The University of Arkansas at Pine Bluff hosted the third in a series of regional meetings sponsored by the U.S. Department of Agriculture on Wednesday that brought together representatives of government agencies and non-profits at the national, state and local levels to assess drought recovery strategies in the wake of this summer’s extreme weather conditions.
Joshua Barnes, with the Economic Development Administration of the USDA, said that the multi-agency approach allows each person to learn from others and to impart their specialized knowledge to their fellow participants and provides the opportunity for group brainstorming on the issue.
“We are linking people from Washington, D.C., and the regional offices to talk about potential strategies to deal with the effects of the drought,” Barnes said. “We are looking at ways to mitigate the consequences of what in many cases is a multi-year drought. This is the third consecutive year for drought conditions in Arkansas.”
“The drought doesn’t just affect farmers,” Barnes said. “It is also a community issue, an economic issue. There is a mental health aspect to this as well. It is difficult to specifically define what a drought does. This year’s drought has been called a flash drought in that it came on so suddenly and with such severity in the same way a flash flood occurs.”
Arkansas state Sen. Stephanie Flowers said the topic of infrastructure integrity was of particular interest to her.
“What impressed me the most is that we need to improve our infrastructure,” Flowers said. “The drought affects the roadways and water pipes. There are several rural communities in the five county area that I serve with water delivery systems that are in desperate need of replacement. When you lose your water system people are going to leave. Many people have trouble with both water pressure and the quality of the water that comes out of their faucets.”
“My one regret is that many of the mayors from these rural communities are not here to provide their input,” Flowers said.
Carole R. Engle, director of the UAPB Aquaculture/Fisheries Center of Excellence, discussed the heat-related difficulties experienced by Arkansas fish farmers this year.
“Fish farms in Arkansas are family farms and they are major contributors to the local economy,” Engle said. “The economic impacts are quite substantial. The drought had several different impacts on these farmers. The heat and lack of rain forced the farmers to pump more water which cost them more money. Fish feed prices more than doubled. Catfish farmers had to absorb this extra cost because the low cost of imported catfish meant that the farmers here could not pass their increased expenses on to the consumer.”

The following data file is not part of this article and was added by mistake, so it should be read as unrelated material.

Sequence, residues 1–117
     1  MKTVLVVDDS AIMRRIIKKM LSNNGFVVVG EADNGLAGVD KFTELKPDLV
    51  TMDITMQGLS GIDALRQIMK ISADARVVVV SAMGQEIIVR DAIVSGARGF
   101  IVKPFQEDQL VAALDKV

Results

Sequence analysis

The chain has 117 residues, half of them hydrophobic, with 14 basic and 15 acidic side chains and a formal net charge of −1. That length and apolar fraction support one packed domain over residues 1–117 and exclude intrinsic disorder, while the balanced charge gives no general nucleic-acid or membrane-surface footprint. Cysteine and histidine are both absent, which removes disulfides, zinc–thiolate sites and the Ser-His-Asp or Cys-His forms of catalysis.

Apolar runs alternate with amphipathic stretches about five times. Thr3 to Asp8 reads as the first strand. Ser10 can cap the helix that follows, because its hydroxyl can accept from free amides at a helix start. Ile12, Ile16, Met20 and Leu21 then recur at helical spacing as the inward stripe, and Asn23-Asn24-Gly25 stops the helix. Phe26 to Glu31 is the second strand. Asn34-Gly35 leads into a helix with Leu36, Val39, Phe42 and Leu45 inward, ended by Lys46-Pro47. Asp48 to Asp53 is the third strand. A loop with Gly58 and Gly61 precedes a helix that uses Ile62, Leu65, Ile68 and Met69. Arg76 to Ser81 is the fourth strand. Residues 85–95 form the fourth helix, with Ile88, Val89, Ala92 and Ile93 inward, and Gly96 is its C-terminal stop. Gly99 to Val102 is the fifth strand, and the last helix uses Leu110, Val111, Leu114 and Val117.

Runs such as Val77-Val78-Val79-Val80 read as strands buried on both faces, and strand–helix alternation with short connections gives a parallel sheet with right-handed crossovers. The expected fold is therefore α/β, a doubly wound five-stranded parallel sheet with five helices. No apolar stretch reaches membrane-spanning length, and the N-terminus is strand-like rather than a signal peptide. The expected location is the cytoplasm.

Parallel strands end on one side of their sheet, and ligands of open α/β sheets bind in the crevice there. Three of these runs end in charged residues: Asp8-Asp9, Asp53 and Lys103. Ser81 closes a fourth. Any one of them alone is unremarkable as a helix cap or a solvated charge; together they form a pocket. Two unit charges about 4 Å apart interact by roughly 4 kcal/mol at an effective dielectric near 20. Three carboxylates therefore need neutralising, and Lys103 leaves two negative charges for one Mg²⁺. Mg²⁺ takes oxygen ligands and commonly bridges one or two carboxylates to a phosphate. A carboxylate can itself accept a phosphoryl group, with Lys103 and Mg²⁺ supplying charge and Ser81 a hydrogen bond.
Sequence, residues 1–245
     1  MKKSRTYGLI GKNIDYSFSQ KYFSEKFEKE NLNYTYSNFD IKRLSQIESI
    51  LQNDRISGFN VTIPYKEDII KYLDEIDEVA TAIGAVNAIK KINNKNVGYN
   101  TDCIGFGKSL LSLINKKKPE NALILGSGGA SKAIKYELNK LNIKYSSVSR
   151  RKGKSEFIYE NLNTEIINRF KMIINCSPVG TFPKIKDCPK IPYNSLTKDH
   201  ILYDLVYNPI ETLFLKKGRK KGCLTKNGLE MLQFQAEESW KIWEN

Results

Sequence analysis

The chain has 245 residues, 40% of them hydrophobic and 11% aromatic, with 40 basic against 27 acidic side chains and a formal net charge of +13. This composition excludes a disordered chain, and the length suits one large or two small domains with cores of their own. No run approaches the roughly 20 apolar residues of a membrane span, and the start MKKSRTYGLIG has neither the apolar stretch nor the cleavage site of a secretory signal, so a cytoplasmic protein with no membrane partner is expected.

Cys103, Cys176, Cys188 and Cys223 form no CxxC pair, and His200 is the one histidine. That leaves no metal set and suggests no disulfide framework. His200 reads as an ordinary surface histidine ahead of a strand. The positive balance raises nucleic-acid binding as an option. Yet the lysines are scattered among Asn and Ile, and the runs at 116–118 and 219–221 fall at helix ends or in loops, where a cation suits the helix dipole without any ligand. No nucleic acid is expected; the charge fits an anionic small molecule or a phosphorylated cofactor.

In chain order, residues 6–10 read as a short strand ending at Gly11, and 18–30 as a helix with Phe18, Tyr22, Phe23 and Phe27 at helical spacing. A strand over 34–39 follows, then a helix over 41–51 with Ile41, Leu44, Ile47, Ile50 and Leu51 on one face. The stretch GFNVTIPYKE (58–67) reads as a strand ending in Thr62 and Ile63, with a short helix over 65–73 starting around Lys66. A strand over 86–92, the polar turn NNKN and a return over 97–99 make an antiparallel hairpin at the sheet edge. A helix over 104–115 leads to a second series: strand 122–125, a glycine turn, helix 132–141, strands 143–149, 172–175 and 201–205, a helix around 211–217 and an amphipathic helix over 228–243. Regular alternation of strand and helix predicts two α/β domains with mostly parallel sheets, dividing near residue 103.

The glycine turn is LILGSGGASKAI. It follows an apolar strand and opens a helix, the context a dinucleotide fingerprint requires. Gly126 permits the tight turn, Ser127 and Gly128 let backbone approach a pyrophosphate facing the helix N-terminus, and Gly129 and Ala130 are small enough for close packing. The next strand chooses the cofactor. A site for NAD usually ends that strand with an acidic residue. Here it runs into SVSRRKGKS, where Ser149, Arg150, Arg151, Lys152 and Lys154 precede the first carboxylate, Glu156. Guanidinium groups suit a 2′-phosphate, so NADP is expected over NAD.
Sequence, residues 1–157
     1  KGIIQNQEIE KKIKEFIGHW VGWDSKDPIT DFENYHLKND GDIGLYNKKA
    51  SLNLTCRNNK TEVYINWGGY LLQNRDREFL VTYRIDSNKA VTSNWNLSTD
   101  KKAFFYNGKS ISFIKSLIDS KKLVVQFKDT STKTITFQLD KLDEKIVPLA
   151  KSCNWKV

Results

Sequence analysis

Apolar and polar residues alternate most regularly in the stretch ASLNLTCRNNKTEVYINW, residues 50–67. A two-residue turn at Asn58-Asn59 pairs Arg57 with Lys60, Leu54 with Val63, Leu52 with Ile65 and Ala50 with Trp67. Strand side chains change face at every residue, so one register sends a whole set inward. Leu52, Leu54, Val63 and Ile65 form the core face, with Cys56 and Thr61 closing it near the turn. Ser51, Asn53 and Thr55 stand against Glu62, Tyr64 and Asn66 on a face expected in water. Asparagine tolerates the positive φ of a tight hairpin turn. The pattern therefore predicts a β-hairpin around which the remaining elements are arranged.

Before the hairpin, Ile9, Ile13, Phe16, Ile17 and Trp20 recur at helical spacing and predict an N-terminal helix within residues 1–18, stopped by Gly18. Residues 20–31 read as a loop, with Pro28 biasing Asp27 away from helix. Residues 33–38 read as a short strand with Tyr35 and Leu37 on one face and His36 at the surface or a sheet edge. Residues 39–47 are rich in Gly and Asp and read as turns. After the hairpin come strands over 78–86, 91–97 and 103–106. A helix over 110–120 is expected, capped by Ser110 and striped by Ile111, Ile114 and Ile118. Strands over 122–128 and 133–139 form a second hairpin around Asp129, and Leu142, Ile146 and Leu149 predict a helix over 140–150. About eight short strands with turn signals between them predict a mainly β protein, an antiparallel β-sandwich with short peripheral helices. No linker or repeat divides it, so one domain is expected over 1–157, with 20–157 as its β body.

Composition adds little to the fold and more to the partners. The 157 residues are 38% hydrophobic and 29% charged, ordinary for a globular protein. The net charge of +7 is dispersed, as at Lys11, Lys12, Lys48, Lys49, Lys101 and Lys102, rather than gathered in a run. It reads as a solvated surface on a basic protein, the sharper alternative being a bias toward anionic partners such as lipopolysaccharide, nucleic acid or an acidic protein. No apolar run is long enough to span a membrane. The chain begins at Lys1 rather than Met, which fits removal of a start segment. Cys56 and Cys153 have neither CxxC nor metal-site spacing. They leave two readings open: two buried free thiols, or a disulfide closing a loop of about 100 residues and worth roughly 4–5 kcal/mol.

Engle said that temperature variations affect fish much more than other types of animals and that the summer’s heat and lack of rain had a pronounced effect on fish in Arkansas.
“The temperatures we had this summer were so far above the upper maximum range for these fish that catfish farmers were hit hard by loss of many of their fish,” Engle said. “Hot water holds less oxygen than cold water and the aeration rates have gone up to increase oxygen for the fish. There were ponds in the state this summer where the water temperature on the bottom were at 99 degrees for a full month. The fish could not sand that stress.”
Engle said that six billion live fish are shipped from Arkansas every year.
“The top two FedEx customers in Arkansas are both fish farms,” Engle said. “The state ships bait fish and sport fish throughout the country.”
Leslie J. Glover, UAPB Associate Dean for Outreach and Technology Transfer, discussed several of the challenges encountered by small family farmers.
“These small farmers are at tremendous risk because many of them have no crop insurance,” Glover said. “The management of herbicides is also a tremendous problem for them because many of them do not have an irrigation system and without water the herbicides are not activated. Many of the crops did not perform nearly as well as they should have this summer. Crops matured early due to the excessive heat and farmers had a hard time harvesting them because they normally need several weeks in between harvests.”
Glover said many small farmers only get the minimal amount of insurance which is not enough to compensate them adequately in the event of loss.
“The last Farm Bill had a lot of things to aid small and limited-resources farmers,” Glover said.
Glover said farmers are being encouraged to make more use of surface water for irrigation because of the lowering water levels in the Mississippi Valley Alluvial Aquifer that most area farmers currently rely upon.
The USDA has also held drought recovery meetings in Omaha, Nebraska and Pueblo, Colorado.